According to a recent study, people who suffer from migraines have a different mix of gut bacteria that makes them more sensitive to the impact of certain foods.
The results could explain why some people suffer more than others when it comes to dealing with migraines.
According to the study, those who identified as migraine sufferers contained higher levels of nitrate-processing bacteria in their guts.
Nitrates, usually found in green leafy vegetables, processed meats and many wines, have long been associated with headaches and migraines.
Antonio Gonzalez, a programmer analyst at the University of California San Diego and the study’s first author, said: “There is this idea out there that certain foods trigger migraines – chocolate, wine and especially foods containing nitrates. We thought that perhaps there are connections between what people are eating, their microbiomes and their experiences with migraines.”
When nitrates in food are broken down by bacteria in the body, they form nitric oxide in the blood stream, which can act to dilate blood vessels and boost circulation.
However, in some people, this process can cause vessels in the brain and scalp to dilate, resulting in pain and tension.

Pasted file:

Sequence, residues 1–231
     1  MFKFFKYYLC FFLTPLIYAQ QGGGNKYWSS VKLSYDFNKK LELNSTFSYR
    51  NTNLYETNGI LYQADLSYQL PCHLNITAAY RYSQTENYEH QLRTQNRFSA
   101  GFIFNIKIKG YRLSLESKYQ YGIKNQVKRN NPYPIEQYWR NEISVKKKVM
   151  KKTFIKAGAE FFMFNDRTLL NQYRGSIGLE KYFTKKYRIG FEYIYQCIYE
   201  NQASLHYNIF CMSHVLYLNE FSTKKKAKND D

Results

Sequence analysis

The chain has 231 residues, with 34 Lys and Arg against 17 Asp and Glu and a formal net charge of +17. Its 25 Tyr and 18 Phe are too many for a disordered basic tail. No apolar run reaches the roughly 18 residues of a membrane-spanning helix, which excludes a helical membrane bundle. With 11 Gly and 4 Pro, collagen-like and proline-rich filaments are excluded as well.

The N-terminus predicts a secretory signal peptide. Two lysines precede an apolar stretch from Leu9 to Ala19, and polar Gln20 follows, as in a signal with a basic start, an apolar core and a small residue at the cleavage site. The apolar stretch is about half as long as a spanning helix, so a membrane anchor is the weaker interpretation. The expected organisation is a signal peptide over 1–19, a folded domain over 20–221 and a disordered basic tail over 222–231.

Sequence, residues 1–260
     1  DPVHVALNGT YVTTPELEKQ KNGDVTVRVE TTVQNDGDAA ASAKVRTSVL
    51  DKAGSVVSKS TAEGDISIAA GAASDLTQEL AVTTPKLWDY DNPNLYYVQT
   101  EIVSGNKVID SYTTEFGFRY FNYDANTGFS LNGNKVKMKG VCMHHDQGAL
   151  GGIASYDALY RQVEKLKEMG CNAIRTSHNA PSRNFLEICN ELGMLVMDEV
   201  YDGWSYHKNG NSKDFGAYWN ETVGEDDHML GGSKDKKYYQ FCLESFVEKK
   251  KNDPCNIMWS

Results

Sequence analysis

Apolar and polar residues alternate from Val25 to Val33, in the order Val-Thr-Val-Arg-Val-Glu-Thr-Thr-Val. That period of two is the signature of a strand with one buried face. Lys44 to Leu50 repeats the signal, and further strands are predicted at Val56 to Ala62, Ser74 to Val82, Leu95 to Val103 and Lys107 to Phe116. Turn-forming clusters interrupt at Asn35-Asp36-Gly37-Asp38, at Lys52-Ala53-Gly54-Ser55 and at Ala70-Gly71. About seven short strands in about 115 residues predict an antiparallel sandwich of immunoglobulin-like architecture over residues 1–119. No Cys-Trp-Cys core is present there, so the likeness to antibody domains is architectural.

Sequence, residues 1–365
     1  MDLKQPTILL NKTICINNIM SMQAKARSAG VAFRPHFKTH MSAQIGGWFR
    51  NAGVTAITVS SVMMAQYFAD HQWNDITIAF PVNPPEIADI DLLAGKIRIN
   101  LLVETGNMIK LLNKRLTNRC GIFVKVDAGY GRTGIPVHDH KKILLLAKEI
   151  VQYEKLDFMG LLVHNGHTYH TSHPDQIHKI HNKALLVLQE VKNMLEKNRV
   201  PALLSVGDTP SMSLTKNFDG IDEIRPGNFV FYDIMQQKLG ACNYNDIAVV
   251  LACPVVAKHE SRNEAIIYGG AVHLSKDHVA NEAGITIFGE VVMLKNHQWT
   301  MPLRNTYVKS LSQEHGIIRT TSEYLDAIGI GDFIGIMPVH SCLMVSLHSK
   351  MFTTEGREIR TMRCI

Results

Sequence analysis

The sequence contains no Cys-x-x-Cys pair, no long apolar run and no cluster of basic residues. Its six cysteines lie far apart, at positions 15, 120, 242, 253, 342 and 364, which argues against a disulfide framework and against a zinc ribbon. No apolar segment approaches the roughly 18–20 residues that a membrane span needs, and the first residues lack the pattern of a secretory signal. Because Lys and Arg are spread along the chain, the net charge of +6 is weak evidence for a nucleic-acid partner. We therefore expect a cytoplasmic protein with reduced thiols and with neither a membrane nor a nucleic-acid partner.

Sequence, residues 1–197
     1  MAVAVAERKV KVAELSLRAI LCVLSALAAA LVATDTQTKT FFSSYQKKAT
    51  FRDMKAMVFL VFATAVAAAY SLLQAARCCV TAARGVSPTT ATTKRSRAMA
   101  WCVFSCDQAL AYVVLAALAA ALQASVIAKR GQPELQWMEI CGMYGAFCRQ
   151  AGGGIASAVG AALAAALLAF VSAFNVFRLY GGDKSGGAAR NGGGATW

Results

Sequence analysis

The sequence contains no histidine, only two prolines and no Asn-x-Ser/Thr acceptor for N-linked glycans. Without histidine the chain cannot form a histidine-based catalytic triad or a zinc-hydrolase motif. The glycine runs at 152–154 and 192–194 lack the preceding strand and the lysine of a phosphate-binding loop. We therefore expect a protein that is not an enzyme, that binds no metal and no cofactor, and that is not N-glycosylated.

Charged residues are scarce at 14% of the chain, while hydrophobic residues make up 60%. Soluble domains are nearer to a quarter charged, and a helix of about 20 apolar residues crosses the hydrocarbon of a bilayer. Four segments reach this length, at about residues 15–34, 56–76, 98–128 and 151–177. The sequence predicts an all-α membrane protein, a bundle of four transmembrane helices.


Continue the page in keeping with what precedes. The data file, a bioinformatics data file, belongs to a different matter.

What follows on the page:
The study published in the journal mSystems, identified bacteria found in 172 oral samples and 1,996 faecal samples from healthy participants who had disclosed the status of their suffering.
People who had experienced migraines and headaches had slightly higher levels of bacteria linked to breaking down the nitrates.
The Migraine Headache (MH) presents as a throbbing or pounding sharp pain and is the result of excessive dilation of the blood vessels in the head. It is a severe form of headache, which can last from four to 72 hours. Women are three times more likely to experience this type of headache than men.
While a MH may come on without warning, it is common to experience a group of symptoms just prior to the onset of pain, known as an aura. These symptoms include blurring or bright spots of vision, anxiety, fatigue, lack of appetite, nausea, disturbed thinking, unilateral peripheral numbness or tingling and even gastrointestinal upset.
Oestrogen is also believed to play a role in the onset of MHs, with pregnancy a natural antidote for some women. Menstruation and menopause often change a woman’s pattern of migraine headaches.
Future studies will focus on a controlled diet for migraine sufferers, looking into whether nitric oxide levels in the bloodstream are directly linked to migraine attacks.
Antonio Gonzalez also said that for now, “If you suspect that nitrates are causing you migraines, you should try to avoid them in your diet.”
Do you suffer from migraines?